A new report has found that workers are enjoying more financial wellness benefits from their employers, including the hiring of advisors to provide them with free financial advice.

Forty-seven percent of employers offer workers access to a financial advisor through their benefits plan, up from 40% just a year ago, according to Bank of America’s new 2021 Workplace Wellness Benefits Report. The survey, released today, yielded data from 834 employers and 1363 employees across the country.

“Employers are really moving to improve their benefit programs by offering employees access to financial advisors. In turn, employees rank access to financial advisors as the number one service they get from their plans,” Steve Ulian, managing director of retirement and wealth solutions at BoA, said in an interview.

“For the first time, 95% of employers now feel a sense of responsibility for employees. This might be shocking, but 56% say they find an extreme sense of responsibility,” Ulian said.

That tracks with the uptick in employers who are offering financial wellness programs to employees (46% in 2021, up from 40% in 2020).

“What we’re seeing is a shift from employers who offer a perfunctory benefit plan, to employers who now see plans as key to attracting and retaining talent. This is significant. ... I have been in the defined benefits arena for 27 years and I think this is an amazing transformation,” Ulian added. 

More employers are also offering auto-escalation in their plans, so that annually employee contributions and the likelihood they’ll meet retirement goals are increased, the survey found. Some 83% of employees say they're fine with automatic enrollment at a 6% deferral percentage and 90% of participants stay in a plan once they're automatically enrolled, according to research from the Principal Financial Group.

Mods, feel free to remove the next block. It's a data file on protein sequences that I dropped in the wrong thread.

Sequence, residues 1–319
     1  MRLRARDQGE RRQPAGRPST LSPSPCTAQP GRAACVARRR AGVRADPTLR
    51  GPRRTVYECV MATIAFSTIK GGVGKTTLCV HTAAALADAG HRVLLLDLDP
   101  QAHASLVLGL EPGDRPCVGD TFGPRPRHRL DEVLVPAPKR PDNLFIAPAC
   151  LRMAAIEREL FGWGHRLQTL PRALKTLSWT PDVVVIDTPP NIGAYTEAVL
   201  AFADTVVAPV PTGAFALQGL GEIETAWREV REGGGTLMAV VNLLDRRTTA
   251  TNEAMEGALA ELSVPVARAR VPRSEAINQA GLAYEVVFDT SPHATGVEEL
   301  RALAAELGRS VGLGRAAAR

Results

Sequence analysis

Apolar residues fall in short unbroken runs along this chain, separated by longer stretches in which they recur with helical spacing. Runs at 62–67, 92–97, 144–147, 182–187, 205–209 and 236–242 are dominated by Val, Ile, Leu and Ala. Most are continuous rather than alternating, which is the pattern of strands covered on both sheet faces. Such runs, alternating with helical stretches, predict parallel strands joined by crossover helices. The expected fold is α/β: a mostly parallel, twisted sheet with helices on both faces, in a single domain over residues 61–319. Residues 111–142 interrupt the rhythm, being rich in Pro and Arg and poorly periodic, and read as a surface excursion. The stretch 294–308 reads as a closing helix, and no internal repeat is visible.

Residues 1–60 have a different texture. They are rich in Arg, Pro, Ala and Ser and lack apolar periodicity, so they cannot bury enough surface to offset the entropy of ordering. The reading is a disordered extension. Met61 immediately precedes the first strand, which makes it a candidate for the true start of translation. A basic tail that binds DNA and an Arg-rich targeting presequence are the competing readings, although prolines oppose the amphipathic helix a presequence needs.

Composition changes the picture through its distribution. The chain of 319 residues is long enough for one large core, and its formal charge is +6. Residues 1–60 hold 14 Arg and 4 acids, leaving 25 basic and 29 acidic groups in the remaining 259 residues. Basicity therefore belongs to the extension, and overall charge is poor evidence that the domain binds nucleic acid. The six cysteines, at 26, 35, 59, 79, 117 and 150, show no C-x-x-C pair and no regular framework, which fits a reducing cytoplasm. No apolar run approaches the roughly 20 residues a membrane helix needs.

“We absolutely have seen an increase in auto escalation. It bounced up from 23% in 2020 up to 38% in 2021. That’s a big jump. I think this comes from employees asking for more help in meeting their retirement goals. I also think advisors who help employers design benefit plans know auto programs, including auto enrollment and auto escalation, help drive financial wellness,” Ulian said.

With the economy reopening and man signs of the pandemic lifting, employee feelings of financial wellness are also rebounding, the survey found. Some 51% of employees rate their financial wellness as good or excellent, up from 49% in 2020, and are headed to toward pre-pandemic levels, which hit 55% in 2019.

Still, women continue to lag their male counterparts both in preparedness and levels of worry about financial wellness, BoA found. Some 47% of women rate their financial wellness as good or excellent, compared to 57% of men.

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